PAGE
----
"Renovations to make a home safe and secure for a special-needs child can run into the tens of thousands of dollars, and sometimes hundreds of thousands of dollars," Shenkman said. "If you've been thinking about renovating your house, you'd better do it now."
Shenkman said he personally used the deduction when renovating his residence to accommodate the needs of his wife, who has multiple sclerosis. His savings from using the tax break were significant, he said.
The deduction can also help in specific years in which a child requires a lengthy hospitalization, said Rob Wrubel, a financial planner in Colorado Springs with Cascade Investment Group. Wrubel said his family used the deduction the year his oldest daughter, who has Down syndrome, was born, because she required a six-week hospital stay after her birth.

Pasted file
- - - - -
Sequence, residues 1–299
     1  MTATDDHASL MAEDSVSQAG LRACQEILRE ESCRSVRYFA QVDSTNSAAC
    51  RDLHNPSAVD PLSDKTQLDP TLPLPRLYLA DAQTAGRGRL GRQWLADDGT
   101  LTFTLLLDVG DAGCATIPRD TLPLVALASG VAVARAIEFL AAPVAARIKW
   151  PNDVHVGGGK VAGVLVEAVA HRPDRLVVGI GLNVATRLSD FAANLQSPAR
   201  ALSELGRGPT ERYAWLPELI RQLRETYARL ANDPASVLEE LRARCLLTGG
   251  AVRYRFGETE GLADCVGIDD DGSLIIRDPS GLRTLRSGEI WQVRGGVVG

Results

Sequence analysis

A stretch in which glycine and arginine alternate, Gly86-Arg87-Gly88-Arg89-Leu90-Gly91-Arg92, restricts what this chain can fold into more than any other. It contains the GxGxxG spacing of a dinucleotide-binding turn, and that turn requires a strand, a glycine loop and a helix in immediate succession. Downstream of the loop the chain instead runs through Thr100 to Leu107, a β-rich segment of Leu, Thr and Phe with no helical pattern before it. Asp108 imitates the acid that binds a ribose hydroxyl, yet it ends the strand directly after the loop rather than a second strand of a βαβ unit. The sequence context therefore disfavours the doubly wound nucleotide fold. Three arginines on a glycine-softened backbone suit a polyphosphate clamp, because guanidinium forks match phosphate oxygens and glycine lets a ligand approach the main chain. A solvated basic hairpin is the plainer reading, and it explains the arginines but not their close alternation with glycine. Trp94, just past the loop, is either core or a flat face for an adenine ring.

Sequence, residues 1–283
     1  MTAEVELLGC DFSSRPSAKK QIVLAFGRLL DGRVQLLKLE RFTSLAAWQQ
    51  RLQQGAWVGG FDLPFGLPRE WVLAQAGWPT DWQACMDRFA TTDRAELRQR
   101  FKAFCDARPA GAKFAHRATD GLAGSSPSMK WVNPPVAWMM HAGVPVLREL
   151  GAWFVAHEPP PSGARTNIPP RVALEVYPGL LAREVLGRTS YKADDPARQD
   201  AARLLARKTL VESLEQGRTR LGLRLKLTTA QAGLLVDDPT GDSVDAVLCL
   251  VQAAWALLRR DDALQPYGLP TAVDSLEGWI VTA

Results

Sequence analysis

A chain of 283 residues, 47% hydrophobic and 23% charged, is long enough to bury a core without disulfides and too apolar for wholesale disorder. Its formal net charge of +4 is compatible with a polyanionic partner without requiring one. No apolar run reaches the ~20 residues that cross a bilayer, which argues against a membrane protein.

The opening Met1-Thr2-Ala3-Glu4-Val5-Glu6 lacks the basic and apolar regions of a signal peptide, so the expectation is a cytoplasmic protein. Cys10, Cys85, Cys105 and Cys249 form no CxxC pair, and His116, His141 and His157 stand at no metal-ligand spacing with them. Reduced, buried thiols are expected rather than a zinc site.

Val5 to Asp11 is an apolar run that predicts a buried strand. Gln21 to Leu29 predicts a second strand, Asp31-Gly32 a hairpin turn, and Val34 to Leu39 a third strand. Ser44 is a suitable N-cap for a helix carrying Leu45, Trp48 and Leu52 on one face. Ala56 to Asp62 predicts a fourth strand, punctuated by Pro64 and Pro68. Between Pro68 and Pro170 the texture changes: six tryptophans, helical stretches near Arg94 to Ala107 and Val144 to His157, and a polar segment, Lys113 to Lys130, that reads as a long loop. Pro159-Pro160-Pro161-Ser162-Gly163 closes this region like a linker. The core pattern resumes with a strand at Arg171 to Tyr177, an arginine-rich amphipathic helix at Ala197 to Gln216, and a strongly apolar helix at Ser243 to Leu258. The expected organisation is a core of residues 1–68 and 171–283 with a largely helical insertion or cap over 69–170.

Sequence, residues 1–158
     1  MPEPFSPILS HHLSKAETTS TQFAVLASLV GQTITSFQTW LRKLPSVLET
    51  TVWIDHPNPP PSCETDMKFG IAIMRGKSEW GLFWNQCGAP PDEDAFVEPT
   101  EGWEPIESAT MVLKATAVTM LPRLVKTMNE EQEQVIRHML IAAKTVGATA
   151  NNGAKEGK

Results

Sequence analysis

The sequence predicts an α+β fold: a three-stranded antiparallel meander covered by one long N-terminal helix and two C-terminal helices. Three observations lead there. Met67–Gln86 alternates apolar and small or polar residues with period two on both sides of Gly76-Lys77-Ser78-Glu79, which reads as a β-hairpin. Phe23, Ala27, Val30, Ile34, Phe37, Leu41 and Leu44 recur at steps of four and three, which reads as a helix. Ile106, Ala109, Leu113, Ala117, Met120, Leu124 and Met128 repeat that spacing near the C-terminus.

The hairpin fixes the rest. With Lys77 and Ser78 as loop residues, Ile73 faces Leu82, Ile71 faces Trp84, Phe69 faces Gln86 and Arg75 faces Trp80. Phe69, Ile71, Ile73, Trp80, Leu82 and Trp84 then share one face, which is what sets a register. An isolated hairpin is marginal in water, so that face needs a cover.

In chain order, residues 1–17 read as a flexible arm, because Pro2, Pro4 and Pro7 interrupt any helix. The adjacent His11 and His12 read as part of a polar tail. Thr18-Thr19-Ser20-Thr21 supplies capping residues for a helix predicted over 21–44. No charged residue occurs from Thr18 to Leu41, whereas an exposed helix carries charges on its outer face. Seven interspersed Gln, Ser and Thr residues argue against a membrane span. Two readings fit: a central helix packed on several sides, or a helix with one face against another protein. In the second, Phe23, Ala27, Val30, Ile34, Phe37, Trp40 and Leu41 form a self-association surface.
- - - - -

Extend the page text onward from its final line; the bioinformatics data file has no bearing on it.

"It's not like we made money on it, but it made a difference to being able to provide for my family," Wrubel said. "Families with special-needs members just need every break they can get."
The medical-expense deduction isn't the only significant break for families of special needs kids. Parents can save up to $14,000 per year in an ABLE account for a child diagnosed with a qualifying disability. Balances in the accounts grow tax-deferred, and distributions for qualified disability expenses aren't taxed.
Orozco's daughters' years of treatment have been expensive, but they've also yielded results, he said.
"We've had good progress, and they're doing things that we never thought they were going to do," he said. "We're trying to put the time and energy now into making them as functional as possible, so that they can become taxpayers in the future."